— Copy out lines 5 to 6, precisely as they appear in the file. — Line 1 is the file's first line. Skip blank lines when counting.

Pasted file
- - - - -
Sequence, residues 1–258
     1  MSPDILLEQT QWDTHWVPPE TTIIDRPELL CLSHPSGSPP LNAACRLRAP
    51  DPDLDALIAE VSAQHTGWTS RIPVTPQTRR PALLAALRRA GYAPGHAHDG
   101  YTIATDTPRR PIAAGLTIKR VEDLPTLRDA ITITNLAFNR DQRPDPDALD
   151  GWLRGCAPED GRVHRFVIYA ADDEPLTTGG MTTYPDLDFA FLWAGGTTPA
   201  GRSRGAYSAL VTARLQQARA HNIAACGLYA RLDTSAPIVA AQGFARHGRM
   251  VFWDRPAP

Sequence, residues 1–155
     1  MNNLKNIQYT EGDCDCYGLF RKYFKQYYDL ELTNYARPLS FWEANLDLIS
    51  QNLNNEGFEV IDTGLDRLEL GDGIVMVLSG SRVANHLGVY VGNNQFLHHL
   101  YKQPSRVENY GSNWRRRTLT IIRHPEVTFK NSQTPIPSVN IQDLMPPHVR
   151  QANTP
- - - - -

   151  GWLRGCAPED GRVHRFVIYA ADDEPLTTGG MTTYPDLDFA FLWAGGTTPA
   201  GRSRGAYSAL VTARLQQARA HNIAACGLYA RLDTSAPIVA AQGFARHGRM